Sucuri CloudProxy Website Firewall Improvements

If you are are a regular reader of our blog you probably know about our CloudProxy Website Firewall, it launched publicly a year ago. Since then, our team has been extremely focused on improving it, making it more effective and efficient for everyday website owners.

If you are not familiar with CloudProxy, I highly recommend reading some of the documentation and benefits of it:

In fact, if you have a website, why not try it out?

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Layer 7 DDOS – Blocking HTTP Flood Attacks

There are many types of Distributed Denial of Service (DDOS) attacks that can affect and bring down a website, and they vary in complexity and size. The most well known attacks are the good old syn-flood, followed by the Layer 3/4 UDP and DNS amplification attacks.

Layer 7 DDOS

Today though, we’re going to spend a little time looking at Layer 7, or what we call an HTTP Flood Attack.

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Google Bots Doing SQL Injection Attacks

One of the things we have to be very sensitive about when writing rules for our CloudProxy Website Firewall is to never block any major search engine bot (ie., Google, Bing, Yahoo, etc..).

To date, we’ve been pretty good about this, but every now and then you come across unique scenarios like the one in this post, that make you scratch your head and think, what if a legitimate search engine bot was being used to attack the site? Should we still allow the attack to go through?

This is exactly what happened a few days ago on a client site; we began blocking certain Google’s IP addresses requests because they were in fact SQL injection attacks. Yes, Google bots were actually attacking a website.

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Sucuri CloudProxy WAF Plugin for WordPress

If you are using our CloudProxy WAF to protect your WordPress websites, we highly recommend that you also install our new CloudProxy plugin for WordPress. It has been public for a few weeks, and now we feel it is ready for production use, hence the announcement. :)

sucuri-cloudproxy-wordpress-waf-plugin

You can download the plugin from WordPress Plugin Directory, or directly in your WordPress wp-admin panel by searching for CloudProxy from the “Add New Plugin” page.

The Sucuri CloudProxy WAF plugin is free from the WordPress repository, and allows direct access to your CloudProxy dashboard from within your WordPress wp-admin panel. It allows you to see your audit logs and security events, clear caching, and overall easier management of your CloudProxy account without the need to login to Sucuri.net.


Note:The CloudProxy plugin doesn’t add any additional security measures beyond what’s offered in the CloudProxy service. The plugin is not required for CloudProxy use.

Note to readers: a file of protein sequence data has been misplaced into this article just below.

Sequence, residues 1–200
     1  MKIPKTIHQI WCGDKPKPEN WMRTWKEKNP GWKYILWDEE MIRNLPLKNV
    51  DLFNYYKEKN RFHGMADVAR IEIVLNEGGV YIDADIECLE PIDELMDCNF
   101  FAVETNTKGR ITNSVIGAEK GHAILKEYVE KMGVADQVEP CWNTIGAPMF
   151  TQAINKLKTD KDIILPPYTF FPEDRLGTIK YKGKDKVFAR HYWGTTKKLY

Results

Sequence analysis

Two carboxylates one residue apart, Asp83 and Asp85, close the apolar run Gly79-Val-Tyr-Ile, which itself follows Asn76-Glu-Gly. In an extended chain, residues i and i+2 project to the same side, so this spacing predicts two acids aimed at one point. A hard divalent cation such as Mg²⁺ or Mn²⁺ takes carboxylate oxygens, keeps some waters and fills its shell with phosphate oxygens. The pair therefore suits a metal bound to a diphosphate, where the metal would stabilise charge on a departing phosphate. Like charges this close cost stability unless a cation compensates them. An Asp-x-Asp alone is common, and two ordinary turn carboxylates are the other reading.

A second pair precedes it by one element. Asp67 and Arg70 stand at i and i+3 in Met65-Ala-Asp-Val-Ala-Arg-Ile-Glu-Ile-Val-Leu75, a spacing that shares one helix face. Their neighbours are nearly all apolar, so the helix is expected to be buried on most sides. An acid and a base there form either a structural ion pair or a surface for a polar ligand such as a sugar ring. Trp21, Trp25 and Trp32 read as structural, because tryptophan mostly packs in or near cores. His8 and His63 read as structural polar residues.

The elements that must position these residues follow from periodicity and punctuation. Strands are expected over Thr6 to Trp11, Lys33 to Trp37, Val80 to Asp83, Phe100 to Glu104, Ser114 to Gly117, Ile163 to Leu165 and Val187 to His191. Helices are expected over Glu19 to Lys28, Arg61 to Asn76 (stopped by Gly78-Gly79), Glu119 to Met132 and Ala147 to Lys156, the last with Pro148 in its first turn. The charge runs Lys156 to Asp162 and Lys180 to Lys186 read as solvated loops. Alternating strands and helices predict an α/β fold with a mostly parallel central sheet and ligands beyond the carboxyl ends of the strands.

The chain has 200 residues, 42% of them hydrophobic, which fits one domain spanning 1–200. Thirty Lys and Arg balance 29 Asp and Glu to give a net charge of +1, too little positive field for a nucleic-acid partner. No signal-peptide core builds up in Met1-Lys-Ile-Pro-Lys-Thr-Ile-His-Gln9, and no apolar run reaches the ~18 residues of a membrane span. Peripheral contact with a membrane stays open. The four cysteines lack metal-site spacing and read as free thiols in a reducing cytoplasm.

*ps: if you are not using CloudProxy, you should. Go check out CloudProxy today!

CloudProxy WAF – September Report

*By Tony Perez and Daniel Cid

As many of you are aware we released a website protection tool, CloudProxy WAF/IDS, at the beginning of the year and over the past few months we have been working with the data we’ve been accumulating. We’re finally at a place where we think we can provide better insight into the world of website attacks.

What we’re hoping to do is provide a monthly summary, similar to what you’ll read here that helps you understand the various website attacks we see via our CloudProxy WAF/IDS. It will also, hopefully, shed insight into the growing online threats that website owners face daily.

September 2013

We have some very small and some big sites with us. And the first thing we noticed is that even the smaller sites get attacked quite often. All sites do.

Every web site gets attacked. And that happens daily. Many times per day.


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Sucuri CloudProxy Web Application Firewall (WAF) – Out of Beta

We are happy to announce that after more than a year in testing, Sucuri’s CloudProxy is out of beta.

CloudProxy

CloudProxy is currently available to Sucuri customers, so if you have an account with us, you can subscribe to CloudProxy from your dashboard.

Here is a quick testimonial:

I inherited a couple of websites that were hand coded and getting hacked on a daily bases. Hooked them up to CloudProxy last week and so far the sites have been protected and are not being hacked anymore. At this point, I’d highly recommend this service if you are running an out of date CMS or code and are getting hacked often! Great service!

Linda Kimble Long


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Sucuri CloudProxy WAF – Fake Bots Explained

One of the most common questions we have been getting since launching our CloudProxy WAF is regarding bot activity and why it appears that we are blocking Google and / or Bing bots. Inside the CloudProxy dashboard we provide a full audit log of any request that gets denied access and when a client see’s something like the following in their logs they tend to get concerned:

13/May/2013:09:20:29 +0000] 80.72.37.156 “IP Address not authorized” “POST /wp-login.php HTTP/1.1″ 403 “” “Mozilla/5.0 (compatible; bingbot/2.0; +http://www.bing.com/bingbot.htm)”

In this specific instance they are concerned that we are blocking Bing because of this reference: bingbot/2.0; +http://www.bing.com/bingbot.htm. They are especially concerned when it says Googlebot, like this one:

13/May/2013:18:27:14 -0400] 198.50.161.234 “Spam comment blocked” “POST /blog/wp-comments-post.php HTTP/1.0″ 403 “Mozilla/5.0 (compatible; Googlebot/2.1; +http://www.google.com/bot.html)”

Nobody wants to block Google out of their sites.

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Protecting Against WordPress Brute-Force Attacks